The Puranas are a genre of smrti literature in India. The Puranas literally mean “tales of old” or “ancient,” which adheres to the idea that they are the sourcebooks for Hindu mythology (Rodrigues 290). Historical information is blended with pseudo-history and myth to create the legends found in the Puranas. It can be argued, like E. H. Rick Jarow does in his encyclopedic article on the Puranas, that they are the core texts of Hindu religiosity as some provide the cornerstones of particular devotional traditions, templates for institutions, social observations, and traditions of secular knowledge (Jarow 7497). They are sometimes described as being the narrative portion of Vedic sacrifice; a kind of fifth Veda (Jarow 7497). The Devibhagavata says “Sruti and smrti are the two eyes of dharma but the Purana is its heart” (Jarow 7499, XI.1.21). The Puranas are usually identified as having five characteristics (pancalaksana). These are creation (sarga), re-creation of the universe after its dissolution (pratisarga), genealogies of the gods, sages, kings, and patriarchs (vamsa), cyclic ages of humanity presided over by Manu, the father of humanity (manvantara), and royal dynastic histories (vamsanucaritam) (Jarow 7497). However, these characteristics make up only a small percentage of the vast and diverse narratives that cause the Puranas to be so difficult to define and comprehend. There are eighteen Mahapuranas (Great Puranas) in total. The thirteenth Purana is the Skanda Purana, which is the largest of the major eighteen Puranas as it contains the most number of verses. The Skanda Purana consists of doctrines and worship of Siva, as well as legends about Siva and his son Skanda (Tagare 1992: xvii). It is an expansive text, spread out over several books that address general topics of interest including social, cultural, political, historical, geographical, and religious themes (Tagare 1992: xvi). Through the description of narratives included in the Skanda Purana, the different legends presented about the worship of Siva and Skanda, as well as legends derived from specific regions in India, are what make this an influential smrti text in the Hindu tradition. The Skanda Purana, and the Puranas in general, are a tool for the modern historian of ancient India as they provide considerable help in reconstructing the past history as a major literary source containing such aspects of ancient Indian life listed above.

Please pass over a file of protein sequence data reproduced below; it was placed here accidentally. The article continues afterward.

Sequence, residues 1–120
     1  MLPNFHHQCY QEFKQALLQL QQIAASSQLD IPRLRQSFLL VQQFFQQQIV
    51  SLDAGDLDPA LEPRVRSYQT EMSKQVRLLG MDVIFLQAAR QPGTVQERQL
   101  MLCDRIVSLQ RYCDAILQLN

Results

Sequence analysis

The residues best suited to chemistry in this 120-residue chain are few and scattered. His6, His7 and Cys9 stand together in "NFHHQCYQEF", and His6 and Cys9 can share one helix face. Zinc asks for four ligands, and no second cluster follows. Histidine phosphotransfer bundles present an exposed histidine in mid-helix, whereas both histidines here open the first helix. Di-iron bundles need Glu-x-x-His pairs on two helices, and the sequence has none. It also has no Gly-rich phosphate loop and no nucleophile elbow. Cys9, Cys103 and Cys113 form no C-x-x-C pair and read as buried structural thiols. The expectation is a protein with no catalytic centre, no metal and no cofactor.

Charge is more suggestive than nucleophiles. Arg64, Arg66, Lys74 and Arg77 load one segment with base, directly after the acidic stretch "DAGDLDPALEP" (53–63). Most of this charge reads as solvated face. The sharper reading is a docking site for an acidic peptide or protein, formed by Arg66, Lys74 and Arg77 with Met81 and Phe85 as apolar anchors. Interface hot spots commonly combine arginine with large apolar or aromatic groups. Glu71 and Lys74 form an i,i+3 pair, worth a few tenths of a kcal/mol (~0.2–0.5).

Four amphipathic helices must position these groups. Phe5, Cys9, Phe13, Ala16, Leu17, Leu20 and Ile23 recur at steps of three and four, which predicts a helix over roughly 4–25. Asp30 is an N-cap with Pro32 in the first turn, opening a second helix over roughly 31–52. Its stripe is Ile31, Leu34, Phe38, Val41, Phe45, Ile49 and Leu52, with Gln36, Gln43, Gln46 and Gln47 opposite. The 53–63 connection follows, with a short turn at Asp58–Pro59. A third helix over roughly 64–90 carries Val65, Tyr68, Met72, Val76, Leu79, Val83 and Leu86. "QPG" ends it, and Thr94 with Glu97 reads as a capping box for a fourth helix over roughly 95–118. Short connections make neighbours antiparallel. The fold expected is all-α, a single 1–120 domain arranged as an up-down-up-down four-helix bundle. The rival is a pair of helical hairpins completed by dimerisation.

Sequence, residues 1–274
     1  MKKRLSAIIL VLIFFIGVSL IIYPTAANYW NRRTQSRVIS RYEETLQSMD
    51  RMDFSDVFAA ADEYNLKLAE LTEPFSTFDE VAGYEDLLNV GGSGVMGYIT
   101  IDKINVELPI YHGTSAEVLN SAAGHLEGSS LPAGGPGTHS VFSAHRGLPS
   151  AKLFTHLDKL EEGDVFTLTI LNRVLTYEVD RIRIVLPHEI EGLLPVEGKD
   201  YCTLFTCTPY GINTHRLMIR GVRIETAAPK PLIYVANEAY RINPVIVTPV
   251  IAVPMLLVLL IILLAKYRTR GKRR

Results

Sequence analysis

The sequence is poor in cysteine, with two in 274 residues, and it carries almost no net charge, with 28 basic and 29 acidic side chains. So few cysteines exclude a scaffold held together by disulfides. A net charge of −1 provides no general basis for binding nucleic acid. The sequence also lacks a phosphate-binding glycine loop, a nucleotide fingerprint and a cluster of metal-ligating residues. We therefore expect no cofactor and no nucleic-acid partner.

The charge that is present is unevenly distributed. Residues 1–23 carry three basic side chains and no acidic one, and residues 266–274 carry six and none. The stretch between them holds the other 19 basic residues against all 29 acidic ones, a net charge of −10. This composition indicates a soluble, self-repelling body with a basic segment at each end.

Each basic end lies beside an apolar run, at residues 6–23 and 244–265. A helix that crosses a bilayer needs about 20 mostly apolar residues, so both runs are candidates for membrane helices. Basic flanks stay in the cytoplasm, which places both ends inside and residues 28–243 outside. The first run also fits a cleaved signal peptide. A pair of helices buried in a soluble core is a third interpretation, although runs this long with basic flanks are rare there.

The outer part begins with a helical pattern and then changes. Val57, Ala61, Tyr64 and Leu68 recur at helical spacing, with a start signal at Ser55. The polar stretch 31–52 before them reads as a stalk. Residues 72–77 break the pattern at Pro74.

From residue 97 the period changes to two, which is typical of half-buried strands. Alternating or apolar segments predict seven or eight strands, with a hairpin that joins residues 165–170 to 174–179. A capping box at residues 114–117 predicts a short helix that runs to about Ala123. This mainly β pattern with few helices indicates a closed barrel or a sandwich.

The Puranas are a genre of smrti literature in India. The Puranas literally mean “tales of old” or “ancient,” which adheres to the idea that they are the sourcebooks for Hindu mythology (Rodrigues 290). Historical information is blended with pseudo-history and myth to create the legends found in the Puranas. It can be argued, like E. H. Rick Jarow does in his encyclopedic article on the Puranas, that they are the core texts of Hindu religiosity as some provide the cornerstones of particular devotional traditions, templates for institutions, social observations, and traditions of secular knowledge (Jarow 7497). They are sometimes described as being the narrative portion of Vedic sacrifice; a kind of fifth Veda (Jarow 7497). The Devibhagavata says “Sruti and smrti are the two eyes of dharma but the Purana is its heart” (Jarow 7499, XI.1.21). The Puranas are usually identified as having five characteristics (pancalaksana). These are creation (sarga), re-creation of the universe after its dissolution (pratisarga), genealogies of the gods, sages, kings, and patriarchs (vamsa), cyclic ages of humanity presided over by Manu, the father of humanity (manvantara), and royal dynastic histories (vamsanucaritam) (Jarow 7497). However, these characteristics make up only a small percentage of the vast and diverse narratives that cause the Puranas to be so difficult to define and comprehend. There are eighteen Mahapuranas (Great Puranas) in total. The thirteenth Purana is the Skanda Purana, which is the largest of the major eighteen Puranas as it contains the most number of verses. The Skanda Purana consists of doctrines and worship of Siva, as well as legends about Siva and his son Skanda (Tagare 1992: xvii). It is an expansive text, spread out over several books that address general topics of interest including social, cultural, political, historical, geographical, and religious themes (Tagare 1992: xvi). Through the description of narratives included in the Skanda Purana, the different legends presented about the worship of Siva and Skanda, as well as legends derived from specific regions in India, are what make this an influential smrti text in the Hindu tradition. The Skanda Purana, and the Puranas in general, are a tool for the modern historian of ancient India as they provide considerable help in reconstructing the past history as a major literary source containing such aspects of ancient Indian life listed above.